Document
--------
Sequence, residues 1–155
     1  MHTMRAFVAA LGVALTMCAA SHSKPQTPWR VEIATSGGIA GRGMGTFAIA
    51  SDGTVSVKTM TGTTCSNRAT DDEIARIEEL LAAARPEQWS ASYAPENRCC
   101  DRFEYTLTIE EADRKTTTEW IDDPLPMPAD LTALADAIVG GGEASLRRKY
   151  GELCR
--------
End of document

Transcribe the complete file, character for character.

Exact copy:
Sequence, residues 1–155
     1  MHTMRAFVAA LGVALTMCAA SHSKPQTPWR VEIATSGGIA GRGMGTFAIA
    51  SDGTVSVKTM TGTTCSNRAT DDEIARIEEL LAAARPEQWS ASYAPENRCC
   101  DRFEYTLTIE EADRKTTTEW IDDPLPMPAD LTALADAIVG GGEASLRRKY
   151  GELCR